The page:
Tuesday, September 13, 2011

William Walker, famed Chicago muralist, dies at 85, as All of Mankind continues to fade at Strangers Home

click images for larger view
The little church seems almost left behind, cast adrift in the moat of empty parkland that surrounds it. Over the century of its existence, the church has seen its community grow, die, grow again in a new direction, and then empty out.  It was built in 1901 as the American Protestant Episcopal Church, but by 1927 it was acquired by the Chicago Archdiocese and re-opened as the San Marcello Mission to serve the burgeoning Italian-American community around it.  In the 40's and 50's, block after block of that community would be demolished for what would become Cabrini-Green.  The Italians moved out; Afro-Americans moved in.  "The Projects" were born.  In 1971,  Benedictine priest Dennis Kendrick to was brought in to try to salvage the declining congregation. Not only did he raise money for repairs, he hired Chicago muralist William Walker to cover the church's exterior with All of Mankind, Unity of the Human Race.
In 1967, on the side of a Bronzeville liquor store, Walker had painted The Wall of Respect, an iconic artwork incorporating the images of 50 prominent Afro-Americans.  Walker's work could be found throughout Chicago. 

After San Marcello was closed in 1974, the building became home to Strangers Home Missionary Baptist Church, which about six years ago painted over the murals Walker had created for the building's interior.  About that time, a campaign was started to save All of Mankind, but today it continues to fade from view.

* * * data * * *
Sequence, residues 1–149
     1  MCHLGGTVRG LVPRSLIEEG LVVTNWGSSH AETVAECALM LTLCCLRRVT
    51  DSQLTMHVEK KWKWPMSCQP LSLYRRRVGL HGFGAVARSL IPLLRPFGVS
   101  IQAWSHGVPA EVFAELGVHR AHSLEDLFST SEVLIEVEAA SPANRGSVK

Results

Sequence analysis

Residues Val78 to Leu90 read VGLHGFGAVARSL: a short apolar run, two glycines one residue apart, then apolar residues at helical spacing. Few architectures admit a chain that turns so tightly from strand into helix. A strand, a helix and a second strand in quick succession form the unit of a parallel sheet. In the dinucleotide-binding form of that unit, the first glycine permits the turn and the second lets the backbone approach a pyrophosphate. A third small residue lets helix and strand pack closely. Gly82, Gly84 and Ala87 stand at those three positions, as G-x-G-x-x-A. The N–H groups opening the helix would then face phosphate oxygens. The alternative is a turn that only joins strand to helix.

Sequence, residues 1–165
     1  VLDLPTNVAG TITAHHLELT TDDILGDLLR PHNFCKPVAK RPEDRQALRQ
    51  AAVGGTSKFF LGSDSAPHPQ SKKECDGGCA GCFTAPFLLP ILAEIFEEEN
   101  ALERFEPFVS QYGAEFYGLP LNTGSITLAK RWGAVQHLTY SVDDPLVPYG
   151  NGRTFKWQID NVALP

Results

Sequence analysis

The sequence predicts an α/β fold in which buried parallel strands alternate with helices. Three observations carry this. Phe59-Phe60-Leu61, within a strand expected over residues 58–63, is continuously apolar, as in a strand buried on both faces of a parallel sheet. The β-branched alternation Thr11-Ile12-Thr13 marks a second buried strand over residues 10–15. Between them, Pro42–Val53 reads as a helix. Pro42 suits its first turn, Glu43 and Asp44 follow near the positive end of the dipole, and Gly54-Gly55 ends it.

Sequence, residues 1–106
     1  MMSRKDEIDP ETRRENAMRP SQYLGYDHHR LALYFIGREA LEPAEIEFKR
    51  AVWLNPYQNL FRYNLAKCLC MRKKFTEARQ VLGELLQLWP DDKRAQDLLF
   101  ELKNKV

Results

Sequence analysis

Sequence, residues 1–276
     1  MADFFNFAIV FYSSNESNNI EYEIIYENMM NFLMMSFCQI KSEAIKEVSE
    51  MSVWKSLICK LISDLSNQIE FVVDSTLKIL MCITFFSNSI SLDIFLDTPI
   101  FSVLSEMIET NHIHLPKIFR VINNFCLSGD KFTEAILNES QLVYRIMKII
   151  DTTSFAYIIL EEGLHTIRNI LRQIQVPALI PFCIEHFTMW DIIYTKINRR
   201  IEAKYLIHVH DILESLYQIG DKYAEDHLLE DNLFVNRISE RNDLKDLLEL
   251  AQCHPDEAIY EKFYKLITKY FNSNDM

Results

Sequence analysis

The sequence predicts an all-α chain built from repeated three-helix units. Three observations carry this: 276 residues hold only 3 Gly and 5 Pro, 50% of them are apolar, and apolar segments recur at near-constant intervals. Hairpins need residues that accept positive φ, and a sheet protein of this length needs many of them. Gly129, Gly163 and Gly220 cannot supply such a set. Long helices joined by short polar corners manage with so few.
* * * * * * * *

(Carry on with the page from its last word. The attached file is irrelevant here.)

William Walker died this week at 85.  Mary Schmich of the Tribune has a touching tribute to the artist and his work here. Today, only three of Walker's murals survive, including History of the Packinghouse Worker, at 4859 S. Wabash, which was restored in 1998.  All of Mankind continues to slowly disappear from view.  The family that runs Strangers Home MB is said to be looking to sell, as the bare land on which the church stands increases in value while the area continues to gentrify.

For now, William Walker's eloquent mural and the church on which it was painted still stand, in eerie isolation, sanctuary turned artifact, losing their footing in the flow of time.

1 comment:

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